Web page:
From Auto #18: Launch experts | Federation Internationale de l'Automobile

From Auto #18: Launch experts

28.03.17

The FIA is working with computer simulation specialists to find solutions that will further prevent car launches in LMP1 and other high-speed categories

FIA, Motorsport, Mobility, Road Safety, F1, WRC, WEC, WTCC, World RX

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A sudden spin can be disastrous in motor sport. A good result can be lost and reputations ruined in the blink of an eye. But in the case of LMP1 cars, a high-speed spin can make the risk of a violent airborne crash a distinct possibility.

The danger of an LMP1 or other high-performance machine going airborne due to a sudden change in the forces acting on the car at top speed has been an occasional and dramatic problem for sports car drivers in the past. As a result of that risk, huge progress has already been made in recent years to try to prevent these sudden launches, with devices such as the shark fin engine cover, aerodynamically sculpted rear areas and special holes around wheel-arches introduced via regulation updates. But the sudden airborne scenario remains a danger that is never far from the minds of drivers racing in the LMP1 category of the World Endurance Championship at Le Mans and other famous high-speed circuits around the world, and so the FIA is continuously working to limit the risk of such accidents. This is why the governing body recently joined forces with the Global Institute for Motor Sport Safety to conduct a new study to further minimise the risk of LMP1 cars taking off in the event of a spin or accident.

“We needed to accurately understand the conditions that lead to high lift force and ultimately take-off, especially with regard to Le Mans prototype-style cars,” says Bernard Niclot, FIA Technical Director. “These cars can become unstable especially as the car is spun around in high-speed, high-velocity situations and we wanted to shift upwards the critical speed at which these aerodynamic instabilities occur, so that we minimise the likelihood of any further such instances.”

To help with this the FIA enlisted the expertise of leading simulation software provider Exa, which works with top automotive manufacturers including Tesla, Jaguar Land Rover, BMW, Ford and Volkswagen. Exa’s software is used to quickly and accurately predict, and – in the case of this study – recreate real-world conditions using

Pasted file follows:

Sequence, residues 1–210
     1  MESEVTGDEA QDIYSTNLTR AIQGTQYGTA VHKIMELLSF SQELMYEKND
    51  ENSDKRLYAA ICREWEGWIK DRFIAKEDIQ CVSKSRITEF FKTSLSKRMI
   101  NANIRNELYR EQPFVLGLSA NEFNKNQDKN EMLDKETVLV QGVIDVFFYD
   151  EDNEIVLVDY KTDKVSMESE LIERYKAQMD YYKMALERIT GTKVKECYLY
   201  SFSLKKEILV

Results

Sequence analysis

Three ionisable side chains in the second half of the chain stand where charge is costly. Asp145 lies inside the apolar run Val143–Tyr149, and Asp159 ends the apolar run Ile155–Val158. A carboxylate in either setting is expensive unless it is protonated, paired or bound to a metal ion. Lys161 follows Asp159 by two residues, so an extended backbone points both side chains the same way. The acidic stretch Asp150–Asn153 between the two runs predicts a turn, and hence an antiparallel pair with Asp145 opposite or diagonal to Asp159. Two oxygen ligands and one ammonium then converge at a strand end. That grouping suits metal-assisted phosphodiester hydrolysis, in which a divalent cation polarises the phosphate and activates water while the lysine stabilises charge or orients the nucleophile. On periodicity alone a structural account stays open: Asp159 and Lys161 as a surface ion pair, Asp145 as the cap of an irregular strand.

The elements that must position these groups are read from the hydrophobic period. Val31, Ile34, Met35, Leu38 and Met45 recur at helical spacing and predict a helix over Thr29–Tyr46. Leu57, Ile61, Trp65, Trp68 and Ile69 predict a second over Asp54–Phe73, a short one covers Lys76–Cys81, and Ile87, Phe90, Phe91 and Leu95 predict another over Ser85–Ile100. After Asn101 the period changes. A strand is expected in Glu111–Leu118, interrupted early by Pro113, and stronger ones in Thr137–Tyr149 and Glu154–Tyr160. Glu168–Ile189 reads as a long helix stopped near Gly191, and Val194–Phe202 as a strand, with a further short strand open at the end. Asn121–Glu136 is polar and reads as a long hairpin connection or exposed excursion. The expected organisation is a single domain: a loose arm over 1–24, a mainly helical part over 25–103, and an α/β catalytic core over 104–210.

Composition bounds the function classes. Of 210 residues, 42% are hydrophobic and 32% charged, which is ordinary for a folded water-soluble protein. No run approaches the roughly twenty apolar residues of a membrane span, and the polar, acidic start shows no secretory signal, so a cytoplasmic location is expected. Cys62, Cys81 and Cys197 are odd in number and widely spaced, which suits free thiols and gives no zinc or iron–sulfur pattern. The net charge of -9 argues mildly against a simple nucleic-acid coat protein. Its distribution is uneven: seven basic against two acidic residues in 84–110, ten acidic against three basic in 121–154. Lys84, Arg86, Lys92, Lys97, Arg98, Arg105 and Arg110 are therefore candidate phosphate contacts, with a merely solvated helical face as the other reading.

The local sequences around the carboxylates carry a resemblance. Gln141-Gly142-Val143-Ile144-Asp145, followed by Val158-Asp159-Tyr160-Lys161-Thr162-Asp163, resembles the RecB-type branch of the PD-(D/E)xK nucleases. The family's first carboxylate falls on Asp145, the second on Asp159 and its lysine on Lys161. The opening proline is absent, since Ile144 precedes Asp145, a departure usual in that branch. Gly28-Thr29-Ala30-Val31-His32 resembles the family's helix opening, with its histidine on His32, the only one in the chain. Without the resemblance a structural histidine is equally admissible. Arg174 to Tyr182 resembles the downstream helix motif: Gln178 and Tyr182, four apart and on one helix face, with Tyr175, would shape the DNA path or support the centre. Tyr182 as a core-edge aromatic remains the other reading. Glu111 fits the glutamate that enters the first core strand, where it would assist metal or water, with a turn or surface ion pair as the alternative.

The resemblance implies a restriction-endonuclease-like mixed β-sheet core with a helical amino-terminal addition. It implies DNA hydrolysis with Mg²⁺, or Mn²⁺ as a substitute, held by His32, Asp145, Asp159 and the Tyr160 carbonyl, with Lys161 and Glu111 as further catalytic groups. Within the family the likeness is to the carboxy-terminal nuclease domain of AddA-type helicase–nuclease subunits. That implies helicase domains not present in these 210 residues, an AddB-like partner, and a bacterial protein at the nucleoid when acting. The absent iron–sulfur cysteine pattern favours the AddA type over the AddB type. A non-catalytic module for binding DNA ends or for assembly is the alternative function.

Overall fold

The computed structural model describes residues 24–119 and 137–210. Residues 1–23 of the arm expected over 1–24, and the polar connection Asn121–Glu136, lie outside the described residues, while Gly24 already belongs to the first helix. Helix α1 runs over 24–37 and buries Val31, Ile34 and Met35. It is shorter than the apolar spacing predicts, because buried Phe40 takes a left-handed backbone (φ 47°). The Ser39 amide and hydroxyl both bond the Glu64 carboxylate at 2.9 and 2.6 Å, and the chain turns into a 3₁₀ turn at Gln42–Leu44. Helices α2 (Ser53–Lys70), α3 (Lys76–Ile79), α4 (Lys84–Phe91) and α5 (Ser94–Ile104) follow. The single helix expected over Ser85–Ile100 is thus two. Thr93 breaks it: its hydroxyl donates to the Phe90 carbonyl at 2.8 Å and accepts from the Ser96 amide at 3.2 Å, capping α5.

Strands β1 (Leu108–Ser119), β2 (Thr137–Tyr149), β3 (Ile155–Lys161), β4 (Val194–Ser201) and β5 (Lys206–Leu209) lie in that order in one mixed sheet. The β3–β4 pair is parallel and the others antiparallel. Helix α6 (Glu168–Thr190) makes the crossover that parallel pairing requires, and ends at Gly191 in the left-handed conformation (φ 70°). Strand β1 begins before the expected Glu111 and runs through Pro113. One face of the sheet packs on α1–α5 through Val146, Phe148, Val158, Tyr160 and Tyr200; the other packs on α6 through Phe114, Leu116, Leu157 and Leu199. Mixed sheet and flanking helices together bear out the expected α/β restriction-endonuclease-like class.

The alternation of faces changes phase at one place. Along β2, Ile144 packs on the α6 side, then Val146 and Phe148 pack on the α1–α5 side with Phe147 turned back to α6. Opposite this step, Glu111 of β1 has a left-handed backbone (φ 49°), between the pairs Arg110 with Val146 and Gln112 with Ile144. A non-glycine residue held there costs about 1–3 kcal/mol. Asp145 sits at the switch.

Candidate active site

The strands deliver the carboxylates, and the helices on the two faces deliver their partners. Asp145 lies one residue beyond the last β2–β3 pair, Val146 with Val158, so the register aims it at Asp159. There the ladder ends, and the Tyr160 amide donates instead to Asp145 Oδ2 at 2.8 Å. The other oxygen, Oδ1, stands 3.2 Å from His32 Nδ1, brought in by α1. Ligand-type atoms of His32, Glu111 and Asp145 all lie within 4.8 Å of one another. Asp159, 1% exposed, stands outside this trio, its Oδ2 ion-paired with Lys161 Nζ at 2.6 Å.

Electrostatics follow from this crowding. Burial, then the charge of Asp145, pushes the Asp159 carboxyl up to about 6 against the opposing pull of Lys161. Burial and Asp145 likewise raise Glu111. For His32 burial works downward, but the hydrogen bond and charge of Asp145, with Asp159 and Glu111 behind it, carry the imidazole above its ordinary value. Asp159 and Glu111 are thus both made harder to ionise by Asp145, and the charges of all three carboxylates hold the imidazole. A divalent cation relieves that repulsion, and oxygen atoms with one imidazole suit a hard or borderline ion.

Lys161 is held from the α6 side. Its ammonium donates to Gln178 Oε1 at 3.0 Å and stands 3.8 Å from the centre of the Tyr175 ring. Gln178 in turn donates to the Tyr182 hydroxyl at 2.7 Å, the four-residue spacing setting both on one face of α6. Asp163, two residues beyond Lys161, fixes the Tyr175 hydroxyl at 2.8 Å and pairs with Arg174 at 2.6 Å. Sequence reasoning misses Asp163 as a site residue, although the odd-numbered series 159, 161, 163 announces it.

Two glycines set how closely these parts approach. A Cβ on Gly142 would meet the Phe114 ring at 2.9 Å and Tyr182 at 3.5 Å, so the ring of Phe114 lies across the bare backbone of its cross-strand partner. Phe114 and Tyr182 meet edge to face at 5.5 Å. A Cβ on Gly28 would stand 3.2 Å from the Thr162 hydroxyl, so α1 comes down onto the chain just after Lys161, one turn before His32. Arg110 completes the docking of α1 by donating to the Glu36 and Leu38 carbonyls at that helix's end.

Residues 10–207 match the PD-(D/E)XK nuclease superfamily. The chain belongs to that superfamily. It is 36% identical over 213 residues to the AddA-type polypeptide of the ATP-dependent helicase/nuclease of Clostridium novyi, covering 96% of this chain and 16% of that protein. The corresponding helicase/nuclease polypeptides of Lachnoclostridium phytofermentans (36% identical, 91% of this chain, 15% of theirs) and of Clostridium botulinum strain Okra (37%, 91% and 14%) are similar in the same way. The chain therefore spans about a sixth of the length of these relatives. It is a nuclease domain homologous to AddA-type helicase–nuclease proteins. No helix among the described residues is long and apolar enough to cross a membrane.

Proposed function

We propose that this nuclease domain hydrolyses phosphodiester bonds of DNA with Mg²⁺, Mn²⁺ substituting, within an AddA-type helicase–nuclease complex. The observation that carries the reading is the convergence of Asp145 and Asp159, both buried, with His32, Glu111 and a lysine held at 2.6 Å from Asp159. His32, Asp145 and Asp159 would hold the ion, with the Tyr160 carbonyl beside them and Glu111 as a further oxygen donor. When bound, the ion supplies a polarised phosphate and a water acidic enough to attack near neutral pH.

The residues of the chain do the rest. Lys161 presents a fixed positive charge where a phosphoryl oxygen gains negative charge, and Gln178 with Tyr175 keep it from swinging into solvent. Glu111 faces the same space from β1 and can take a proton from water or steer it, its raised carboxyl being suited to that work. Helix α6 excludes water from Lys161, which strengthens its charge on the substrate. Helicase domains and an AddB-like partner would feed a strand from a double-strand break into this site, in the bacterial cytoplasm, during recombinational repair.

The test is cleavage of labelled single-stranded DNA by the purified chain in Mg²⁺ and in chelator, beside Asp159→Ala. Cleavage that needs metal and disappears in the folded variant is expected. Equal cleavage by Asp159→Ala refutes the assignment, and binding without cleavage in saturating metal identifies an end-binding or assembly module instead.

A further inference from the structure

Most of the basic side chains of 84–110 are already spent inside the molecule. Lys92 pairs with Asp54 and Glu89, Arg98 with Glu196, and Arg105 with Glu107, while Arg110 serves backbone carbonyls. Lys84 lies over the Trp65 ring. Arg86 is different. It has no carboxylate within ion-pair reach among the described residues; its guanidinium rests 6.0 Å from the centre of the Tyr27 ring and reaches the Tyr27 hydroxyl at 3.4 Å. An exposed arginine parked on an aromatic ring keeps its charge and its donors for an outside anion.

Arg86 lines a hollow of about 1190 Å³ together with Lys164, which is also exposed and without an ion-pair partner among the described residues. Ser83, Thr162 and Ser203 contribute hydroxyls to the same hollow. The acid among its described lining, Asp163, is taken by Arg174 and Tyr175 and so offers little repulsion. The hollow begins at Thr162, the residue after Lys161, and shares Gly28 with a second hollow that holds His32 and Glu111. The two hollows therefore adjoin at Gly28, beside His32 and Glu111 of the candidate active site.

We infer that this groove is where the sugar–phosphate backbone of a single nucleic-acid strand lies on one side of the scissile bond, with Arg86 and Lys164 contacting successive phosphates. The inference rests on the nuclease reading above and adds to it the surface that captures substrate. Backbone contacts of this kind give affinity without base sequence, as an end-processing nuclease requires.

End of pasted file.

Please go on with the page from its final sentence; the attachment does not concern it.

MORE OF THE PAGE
aerodynamic and thermal management simulations. To complement Exa’s software, a neutral LMP1 chassis was used for a new study to fairly represent all the manufacturers currently competing in the category. The simulations that were conducted recreated the most severe cases of cars spinning when previously running in straight-line situations and then becoming airborne, and were based on previous real-life incidents. Part of the challenge of the study, according to Stéphane Létot, Exa’s Managing Director Western Europe, was to get precise results from the software as it recreated the dramatic conditions – very high speeds or yaw rates – that LMP1 cars encounter when racing flat out.

“These extraordinary conditions combined with the unusual, edgy shape of the race car made the transient full vehicle simulation very complex and challenging,” says Létot. “So to provide the expected results with pinpoint accuracy, we had to utilise the broadest parameters of our simulation code as well as put in the broad experience of our and the FIA’s engineers. We can certainly say that this study leveraged the full capabilities of our software.”

Before the study took place active aerodynamic systems were considered, but the simulation software found that passive solutions are equally effective. As a result, the FIA has modified the LMP1 regulations for the 2017 World Endurance Championship season to try and reduce the risk of cars suddenly becoming airborne. This is achieved via the removal of legality panels on the front of the car. Another potential solution, which is still being considered by the manufacturers, is a new series of panels that would block the air passing over the floor of a car and through its rear diffuser to make sure it remains on the ground in the event of a high-angle spin.

“This would be a huge improvement,” says Niclot. “Now we have to find exactly how we implement it in real life. We are very happy with what we have been able to achieve from our cooperation with Exa.” Thanks to the accurate results that were produced during the simulations, the LMP1 manufacturers positively accepted what was revealed. The FIA is now planning to conduct further research with Exa to improve the look of future LMP1 cars.

“Due to the accuracy of the results, the project concluded with the manufacturers having full confidence in the methodology used by the FIA and in Exa’s expertise in the field,” Niclot adds. “Everyone acknowledged the success of the collaborative effort, and that shows great promise for cooperation on further projects in future.”